". . . we couldn't tell anyone what it was for," said SCEE senior designer Jed Ashforth when revealing to TechRadar (via MCV) that the DualShock 4's lightbar was conceived solely for its use to Project Morpheus.
"The tracking light - it was our department that said we need that on. It was for tracking for VR," Ashforth explained. "And when all these things were coming out six months ago and everyone was going 'it's reflecting in my TV,' we were going 'oh no' because we couldn't tell anyone what it was for."
Caving under pressure to a great deluge of requests, Sony added the option to dim the lightbar in PS4's recent firmware update, 1.7. But the ability to turn it off completely remains a pipe dream, despite evidence that the lightbar shortens the DualShock's potential battery life by more than 50 percent.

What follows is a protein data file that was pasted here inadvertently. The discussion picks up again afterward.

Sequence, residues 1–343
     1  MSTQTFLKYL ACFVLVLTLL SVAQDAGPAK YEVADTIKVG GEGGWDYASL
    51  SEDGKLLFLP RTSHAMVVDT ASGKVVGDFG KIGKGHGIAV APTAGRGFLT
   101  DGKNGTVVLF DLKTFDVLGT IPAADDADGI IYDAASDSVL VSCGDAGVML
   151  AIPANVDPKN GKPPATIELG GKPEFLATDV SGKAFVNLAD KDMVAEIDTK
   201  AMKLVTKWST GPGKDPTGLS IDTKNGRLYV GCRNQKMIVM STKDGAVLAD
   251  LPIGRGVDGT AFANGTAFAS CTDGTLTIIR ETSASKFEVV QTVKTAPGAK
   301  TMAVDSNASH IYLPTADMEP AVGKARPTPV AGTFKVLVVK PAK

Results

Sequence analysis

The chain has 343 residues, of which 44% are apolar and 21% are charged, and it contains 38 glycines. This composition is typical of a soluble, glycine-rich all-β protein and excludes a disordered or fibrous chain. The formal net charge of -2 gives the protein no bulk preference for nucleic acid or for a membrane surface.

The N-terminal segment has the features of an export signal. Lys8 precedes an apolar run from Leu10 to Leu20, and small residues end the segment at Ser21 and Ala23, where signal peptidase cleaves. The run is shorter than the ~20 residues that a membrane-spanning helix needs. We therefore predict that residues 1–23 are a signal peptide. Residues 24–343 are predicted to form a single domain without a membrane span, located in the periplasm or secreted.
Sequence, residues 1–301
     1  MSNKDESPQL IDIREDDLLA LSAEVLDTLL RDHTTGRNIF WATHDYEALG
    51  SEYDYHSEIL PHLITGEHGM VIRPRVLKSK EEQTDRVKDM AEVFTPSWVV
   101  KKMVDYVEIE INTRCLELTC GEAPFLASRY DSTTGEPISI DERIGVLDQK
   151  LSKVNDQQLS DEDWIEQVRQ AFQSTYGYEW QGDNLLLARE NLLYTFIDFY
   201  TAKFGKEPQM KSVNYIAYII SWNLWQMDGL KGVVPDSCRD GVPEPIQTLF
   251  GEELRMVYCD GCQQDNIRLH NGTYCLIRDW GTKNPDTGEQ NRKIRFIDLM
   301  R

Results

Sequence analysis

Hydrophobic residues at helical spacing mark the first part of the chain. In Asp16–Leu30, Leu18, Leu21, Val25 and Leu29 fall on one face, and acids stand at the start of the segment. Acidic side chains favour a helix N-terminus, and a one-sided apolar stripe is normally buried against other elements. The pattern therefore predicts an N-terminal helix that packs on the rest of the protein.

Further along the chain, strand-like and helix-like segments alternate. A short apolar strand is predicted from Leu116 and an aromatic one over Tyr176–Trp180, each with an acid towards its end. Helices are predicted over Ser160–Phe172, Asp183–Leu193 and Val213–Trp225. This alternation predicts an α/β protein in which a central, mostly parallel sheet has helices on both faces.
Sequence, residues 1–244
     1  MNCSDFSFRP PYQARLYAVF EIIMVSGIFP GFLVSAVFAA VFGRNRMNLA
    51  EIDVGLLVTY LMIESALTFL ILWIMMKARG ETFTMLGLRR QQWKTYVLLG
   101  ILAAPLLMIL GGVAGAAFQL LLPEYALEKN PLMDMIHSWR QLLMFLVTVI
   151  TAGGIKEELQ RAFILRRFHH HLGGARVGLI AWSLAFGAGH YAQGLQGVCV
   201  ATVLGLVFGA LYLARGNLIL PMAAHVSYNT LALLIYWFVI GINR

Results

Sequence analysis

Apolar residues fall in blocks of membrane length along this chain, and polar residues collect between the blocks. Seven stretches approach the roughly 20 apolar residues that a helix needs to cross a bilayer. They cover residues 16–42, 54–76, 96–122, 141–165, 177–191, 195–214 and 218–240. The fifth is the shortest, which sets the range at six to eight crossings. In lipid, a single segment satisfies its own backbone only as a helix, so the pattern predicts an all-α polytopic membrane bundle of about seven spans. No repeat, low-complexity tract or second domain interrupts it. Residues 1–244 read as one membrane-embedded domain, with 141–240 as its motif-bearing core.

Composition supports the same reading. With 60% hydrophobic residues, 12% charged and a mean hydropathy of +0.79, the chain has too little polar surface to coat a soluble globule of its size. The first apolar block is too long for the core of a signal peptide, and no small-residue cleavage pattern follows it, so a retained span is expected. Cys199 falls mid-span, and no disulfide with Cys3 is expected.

In the months leading up to PS4''s launch, and even in the month since, I personally had a difficult time pinning Sony's vision for the lightbar. We were told it could indicate player number by color, or reflect things happening in the game--both true, though somewhat useless given the lightbar naturally faces away from the player. It was also branded as a substitute for PlayStation Move, able to sync with PlayStation Camera in the same way. But if that's the case, what's the point of continuing to market PlayStation Move to PS4 users?
Now, the truth comes out--the lightbar was conceived for the tracking it provides to virtual reality. More than likely, controller movement will be detected by PlayStation Camera and accurately reflected through movement of objects or your character in the virtual environments of Project Morpheus.
Are you satisfied with Sony's messaging about the DualShock 4 lightbar? Excited for Project Morpheus, or wary about the whole thing?